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William Dufour is at home now. Resting, relaxing, waiting. It’s a rare moment between whirlwinds.
On Wednesday night, Dufour watched a puck slide into an empty net and danced around the ice in Saint John, New Brunswick with the Memorial Cup — the trophy awarded to Canada’s junior hockey champion — and the tournament MVP. Soon enough, he’ll fly from Quebec to New York to join the Islanders for a development camp at which he will be an unlikely center of attention.
“We had a big year, a huge year, a long year,” Dufour told The Post in a phone call Sunday. “We were in Saint John [celebrating] but then everybody came home. I’m in Quebec right now, it’s just nice to be here with my family, to have those moments. We need to enjoy the moment.”
Dufour, a fifth-round pick for the Islanders two summers ago, has played himself onto the radar after a season in which he led the Quebec Major Junior League in goals (56), finished second in points (116) and seventh in assists (60). Even for a 20-year-old — the oldest age allowed in junior hockey — that does raise eyebrows. Dufour earned a three-year entry deal with the Islanders in April, following that with seven goals in the tournament-style Memorial Cup to take home MVP honors.
The highlight of that was a natural hat trick in a 6:36 span to pull his Saint John Sea Dogs back from a three-goal deficit in their last round-robin game, sealing a berth in the final. After that performance, Dufour is very much on the map.
“The elite part of him is his shot,” Sea Dogs interim coach Gardiner MacDougall told The Post. “He can get to spots, he’s got a great release. I think for a big guy, his first three steps are really fast.”
When MacDougall replaced Gordie Dwyer as coach on May 22, he started playing Dufour at center instead of exclusively on the wing, showing him clips of Auston Matthews to help develop his game in all three zones.
“I thought he was really good in the defensive zone,” MacDougall said. “He can stop his feet and then recover quickly. Some people gotta keep moving their feet, they keep their speed up. He can play down low and create a loose puck and he’s got a real fast start.”
“Plays with a lot of emotion,” texted Edmonton Oil Kings coach Brad Lauer, whose team faced Dufour in the tournament. “Big man that loves to shoot the puck. For a big man, he does a really good job getting in position to shoot the puck.”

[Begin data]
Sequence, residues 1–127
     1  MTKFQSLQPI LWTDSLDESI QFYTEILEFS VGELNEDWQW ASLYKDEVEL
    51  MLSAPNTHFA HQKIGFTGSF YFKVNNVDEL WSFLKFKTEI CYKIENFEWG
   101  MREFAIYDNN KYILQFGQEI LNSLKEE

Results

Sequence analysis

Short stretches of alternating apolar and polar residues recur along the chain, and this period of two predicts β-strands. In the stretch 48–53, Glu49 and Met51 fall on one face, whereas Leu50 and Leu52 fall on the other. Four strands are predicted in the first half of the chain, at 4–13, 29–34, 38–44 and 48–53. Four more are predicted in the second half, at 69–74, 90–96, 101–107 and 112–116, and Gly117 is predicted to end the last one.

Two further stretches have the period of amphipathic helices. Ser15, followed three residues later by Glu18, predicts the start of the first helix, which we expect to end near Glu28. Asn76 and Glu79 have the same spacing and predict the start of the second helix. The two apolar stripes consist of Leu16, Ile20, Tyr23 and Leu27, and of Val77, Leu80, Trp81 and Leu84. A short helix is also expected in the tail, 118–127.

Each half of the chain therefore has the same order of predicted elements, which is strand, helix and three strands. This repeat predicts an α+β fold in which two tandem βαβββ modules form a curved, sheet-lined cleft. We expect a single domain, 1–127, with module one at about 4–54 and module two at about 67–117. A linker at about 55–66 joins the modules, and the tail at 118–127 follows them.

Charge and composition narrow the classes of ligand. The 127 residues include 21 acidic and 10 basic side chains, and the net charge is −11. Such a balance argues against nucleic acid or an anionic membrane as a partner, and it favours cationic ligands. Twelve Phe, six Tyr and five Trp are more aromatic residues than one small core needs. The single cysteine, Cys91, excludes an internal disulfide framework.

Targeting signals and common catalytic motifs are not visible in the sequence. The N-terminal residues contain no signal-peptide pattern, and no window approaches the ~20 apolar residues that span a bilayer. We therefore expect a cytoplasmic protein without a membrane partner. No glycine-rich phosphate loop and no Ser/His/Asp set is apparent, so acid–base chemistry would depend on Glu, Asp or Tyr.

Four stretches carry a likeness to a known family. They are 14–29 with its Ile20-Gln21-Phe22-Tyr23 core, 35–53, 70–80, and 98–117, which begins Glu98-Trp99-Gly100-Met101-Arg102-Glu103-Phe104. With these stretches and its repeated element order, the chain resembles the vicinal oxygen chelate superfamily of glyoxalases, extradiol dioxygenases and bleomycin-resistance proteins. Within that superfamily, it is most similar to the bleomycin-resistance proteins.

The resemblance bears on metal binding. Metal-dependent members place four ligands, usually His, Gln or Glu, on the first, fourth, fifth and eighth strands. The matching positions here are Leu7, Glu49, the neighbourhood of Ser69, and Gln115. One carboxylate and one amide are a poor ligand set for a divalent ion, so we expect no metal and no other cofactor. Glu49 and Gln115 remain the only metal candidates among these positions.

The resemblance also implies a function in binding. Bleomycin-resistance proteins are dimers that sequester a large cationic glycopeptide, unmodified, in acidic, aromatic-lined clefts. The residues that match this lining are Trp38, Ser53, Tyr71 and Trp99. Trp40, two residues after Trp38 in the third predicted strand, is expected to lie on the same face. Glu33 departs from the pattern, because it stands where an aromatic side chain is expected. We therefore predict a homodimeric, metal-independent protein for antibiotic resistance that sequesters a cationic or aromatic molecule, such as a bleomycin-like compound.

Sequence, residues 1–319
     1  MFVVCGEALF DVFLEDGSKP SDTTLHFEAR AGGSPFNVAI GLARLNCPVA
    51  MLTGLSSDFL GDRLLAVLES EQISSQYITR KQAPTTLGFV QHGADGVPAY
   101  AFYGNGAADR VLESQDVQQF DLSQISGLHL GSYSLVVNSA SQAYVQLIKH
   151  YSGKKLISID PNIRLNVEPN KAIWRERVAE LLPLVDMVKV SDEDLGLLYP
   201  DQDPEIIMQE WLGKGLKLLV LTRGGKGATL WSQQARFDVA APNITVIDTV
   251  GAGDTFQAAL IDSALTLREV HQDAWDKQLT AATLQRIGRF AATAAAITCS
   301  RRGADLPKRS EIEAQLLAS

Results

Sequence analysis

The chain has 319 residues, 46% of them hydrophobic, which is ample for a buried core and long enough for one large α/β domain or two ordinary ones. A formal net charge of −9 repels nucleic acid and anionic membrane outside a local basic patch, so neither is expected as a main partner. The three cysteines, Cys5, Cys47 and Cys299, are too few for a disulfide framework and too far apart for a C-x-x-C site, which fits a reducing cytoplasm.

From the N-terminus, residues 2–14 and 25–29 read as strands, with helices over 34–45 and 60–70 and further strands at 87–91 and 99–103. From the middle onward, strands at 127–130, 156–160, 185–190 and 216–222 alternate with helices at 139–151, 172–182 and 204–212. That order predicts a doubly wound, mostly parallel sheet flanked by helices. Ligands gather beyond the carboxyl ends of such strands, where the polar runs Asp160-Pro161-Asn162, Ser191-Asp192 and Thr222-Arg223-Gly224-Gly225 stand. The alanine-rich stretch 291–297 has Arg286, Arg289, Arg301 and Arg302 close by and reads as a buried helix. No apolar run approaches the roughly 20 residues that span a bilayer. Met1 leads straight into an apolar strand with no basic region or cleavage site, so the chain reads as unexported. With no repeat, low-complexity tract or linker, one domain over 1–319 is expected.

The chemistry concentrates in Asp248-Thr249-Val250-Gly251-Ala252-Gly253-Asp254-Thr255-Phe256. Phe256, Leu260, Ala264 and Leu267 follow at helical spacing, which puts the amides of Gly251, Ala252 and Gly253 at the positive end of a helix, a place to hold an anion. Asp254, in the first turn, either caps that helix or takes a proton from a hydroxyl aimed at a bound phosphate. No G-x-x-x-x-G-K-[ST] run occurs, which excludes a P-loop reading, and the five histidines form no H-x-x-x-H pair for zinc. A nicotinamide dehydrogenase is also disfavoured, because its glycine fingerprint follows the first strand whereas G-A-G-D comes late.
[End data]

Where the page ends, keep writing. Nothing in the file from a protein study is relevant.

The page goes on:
Whether Dufour begins next season with AHL Bridgeport or on Long Island is an open question, a testament to how much his stock has risen.
“For sure I’m going for it, going to camp with a purpose,” Dufour said. “Everybody’s going there to make the team for sure. I’m gonna do everything I can to try and have a spot and get the results in September.”
Lauer said that playing in the NHL as soon as next year would be a “big step to take,” but he expects Dufour to do so in time. For the Islanders, whose system is somewhat barren, Dufour might now be one of the organization’s best prospects.
Though Dufour hasn’t heard from new head coach Lane Lambert, the organization has been in frequent touch at levels ranging from area scouts to general manager Lou Lamoriello. Center and fellow French-Canadian Jean-Gabriel Pageau sent a text after the Memorial Cup victory.
Dufour, whose season started back on Oct. 1, plans to take about two weeks or so to relax. The break will be well-deserved.
Though his performance earned him a major uptick in attention, Dufour has tried to stay away from it. He was off Twitter and Instagram during the Memorial Cup, calling social media a distraction. He still hasn’t opened Twitter.
“To finish your junior career like that, it’s just something that I don’t think I’m in real life right now,” Dufour said. “It’s just crazy.”
Now, it’s about what comes next.